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How to Teach Client Communication

Updated: Jan 5, 2021

A client asked me this a few weeks ago, and I had to think for a few moments before replying. How does one teach client communication? When new team members join an organization, it can be challenging to integrate them into the company culture. This includes how we present ourselves to clients. Yet, it's an incredibly important step. Having confidence in our team's ability to communicate with clients independent of us frees us to focus in other areas. Having had the time to think through my methodology in writing emails, and in coaching others to write emails, I put together the below. As always, please let me know your thoughts.


Essentials:

- Salutation

- Greeting

- Bottom Line Upfront (BLUF) or Purpose

- Background/Discussion

- Final Ask

- Closing


Salutation & Greeting: Beginning your email with an appropriate salutation (Ms./Mr./etc.) and associated greeting sets a friendly and professional tone. You can use something as simple as "I hope this note finds you well".


BLUF/Purpose: Why are you sending the email? To ask the client a question? To receive approval? To convey information? To provide reassurance? Making it as clear as possible for the client improves the likelihood of receiving the desired response.


Oftentimes, we write emails in a stream of consciousness mindset. While this makes perfect sense to us, it might not always come across clearly to others. Before composing an email, think through what is needed from this communication. If it makes it easier, write it out first. For example, "I am writing today to inquire about . . . "


Background/Discussion: What does the client need to know to be able to answer your question? Do they need some background information? Or, do they need to understand how you arrived at this question? A few tips for this section:


- Keep it short. A former boss of mine once advised me, "never make them (the reader) scroll down to finish an email". Wise words - scrolling down usually means the email is too long and we may lose the client's attention.

- Break up paragraphs. It's much easier to read short paragraphs of 1-3 sentences. This allows for a momentary pause to absorb what's just been read before moving on.

- Avoid industry jargon or acronyms. When reviewing emails, I am surprised to discover how much a new writer uses industry jargon. We've simply become so accustomed, we don't see it anymore.


Final Ask: Now that you've written your beautifully worded email, be sure to return to your original question. In this way, the client can respond promptly and easily. If you are responding to a client's question, you can conclude with, "Please let me know what additional questions I can answer for you".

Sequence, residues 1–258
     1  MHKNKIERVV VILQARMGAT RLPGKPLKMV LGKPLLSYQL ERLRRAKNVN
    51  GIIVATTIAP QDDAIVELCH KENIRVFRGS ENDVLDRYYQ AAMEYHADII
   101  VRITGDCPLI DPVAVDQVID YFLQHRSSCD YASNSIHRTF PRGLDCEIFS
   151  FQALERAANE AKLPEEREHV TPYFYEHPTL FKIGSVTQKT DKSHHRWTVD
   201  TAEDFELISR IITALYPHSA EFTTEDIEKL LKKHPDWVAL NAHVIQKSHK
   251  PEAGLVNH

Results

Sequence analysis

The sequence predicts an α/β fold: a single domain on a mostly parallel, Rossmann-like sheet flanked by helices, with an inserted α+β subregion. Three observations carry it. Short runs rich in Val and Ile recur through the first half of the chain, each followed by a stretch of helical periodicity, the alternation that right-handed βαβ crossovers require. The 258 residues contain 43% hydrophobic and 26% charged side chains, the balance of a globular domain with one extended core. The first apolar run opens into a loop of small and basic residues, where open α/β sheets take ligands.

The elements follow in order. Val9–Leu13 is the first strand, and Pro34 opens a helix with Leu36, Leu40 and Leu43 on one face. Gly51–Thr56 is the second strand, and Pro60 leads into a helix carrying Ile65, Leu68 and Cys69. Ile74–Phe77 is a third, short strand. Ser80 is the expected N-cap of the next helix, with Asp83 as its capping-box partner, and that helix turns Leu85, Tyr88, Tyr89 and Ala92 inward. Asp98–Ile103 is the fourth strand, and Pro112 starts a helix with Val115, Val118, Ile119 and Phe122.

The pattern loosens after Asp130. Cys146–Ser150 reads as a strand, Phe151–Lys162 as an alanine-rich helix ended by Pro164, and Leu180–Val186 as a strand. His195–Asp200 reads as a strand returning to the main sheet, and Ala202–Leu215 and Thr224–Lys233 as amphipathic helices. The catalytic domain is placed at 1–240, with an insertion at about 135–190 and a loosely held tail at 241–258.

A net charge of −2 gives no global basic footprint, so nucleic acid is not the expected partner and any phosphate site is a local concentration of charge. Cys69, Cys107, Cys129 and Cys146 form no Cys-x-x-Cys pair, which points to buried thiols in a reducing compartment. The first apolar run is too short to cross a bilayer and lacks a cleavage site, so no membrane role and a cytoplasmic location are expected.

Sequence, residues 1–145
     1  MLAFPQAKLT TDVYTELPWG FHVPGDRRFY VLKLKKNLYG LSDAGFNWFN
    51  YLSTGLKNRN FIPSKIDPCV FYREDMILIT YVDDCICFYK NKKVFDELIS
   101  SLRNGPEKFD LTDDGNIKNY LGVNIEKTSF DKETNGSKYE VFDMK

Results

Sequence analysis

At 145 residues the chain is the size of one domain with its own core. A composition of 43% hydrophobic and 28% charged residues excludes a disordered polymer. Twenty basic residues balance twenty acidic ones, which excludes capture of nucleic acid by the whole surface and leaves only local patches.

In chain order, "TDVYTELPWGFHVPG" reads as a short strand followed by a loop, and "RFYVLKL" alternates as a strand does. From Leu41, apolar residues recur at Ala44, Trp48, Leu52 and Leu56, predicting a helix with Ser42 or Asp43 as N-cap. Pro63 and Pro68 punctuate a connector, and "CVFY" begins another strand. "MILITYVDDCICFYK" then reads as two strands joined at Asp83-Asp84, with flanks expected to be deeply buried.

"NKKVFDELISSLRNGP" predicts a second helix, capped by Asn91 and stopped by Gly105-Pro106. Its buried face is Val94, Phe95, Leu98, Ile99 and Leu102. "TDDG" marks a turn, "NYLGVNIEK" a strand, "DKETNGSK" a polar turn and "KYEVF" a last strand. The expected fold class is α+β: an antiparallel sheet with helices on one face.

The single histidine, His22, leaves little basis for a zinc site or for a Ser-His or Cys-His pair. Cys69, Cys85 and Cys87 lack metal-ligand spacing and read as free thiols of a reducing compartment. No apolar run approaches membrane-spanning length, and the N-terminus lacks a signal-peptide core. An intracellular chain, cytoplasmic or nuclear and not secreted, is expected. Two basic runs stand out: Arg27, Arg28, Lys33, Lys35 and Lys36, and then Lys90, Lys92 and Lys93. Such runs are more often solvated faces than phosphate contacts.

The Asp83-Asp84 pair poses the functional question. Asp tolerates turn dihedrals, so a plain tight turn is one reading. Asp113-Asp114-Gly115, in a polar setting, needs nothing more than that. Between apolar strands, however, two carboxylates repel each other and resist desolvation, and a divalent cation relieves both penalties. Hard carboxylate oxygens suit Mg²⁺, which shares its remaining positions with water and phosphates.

Closing: Professional courtesy encourages courtesy in return. And with so many email platforms enabling automatic signatures, there is no reason to miss this last item.


Once you've outlined the essentials, offering feedback to team members will ensure this process becomes a habit. Ensure that you review emails initially, for content and style. Always offer feedback as a sandwich - two slices of positive with constructive critiques in the middle. A professor of mine did this with my papers, and I always appreciated the positive things he noted. Even if all he could say was, "I see you put a lot of research into this", I felt that he recognized the hard work and effort put into my writing. Do the same for your team. They will appreciate you for it.


For example, I might say, "Great job on the first draft of that email. It's a complicated topic and you've laid out clearly the details needed for the client. I'd recommend adding a sentence at the end regarding the reason we need this, and perhaps add that you're available for additional questions. I like your email signature. It sets a professional yet personable tone. Nice work!"


Lastly, encourage your team members to develop their own style. You might be particularly warm in email communication. They may prefer to remain professional. They might write shorter emails; you might write longer. Individual styles are welcome, as they add some humanity to the emails with your client.


Difficult client communication poses its own challenges. I'll be addressing those in a future post. Please let me know your questions!


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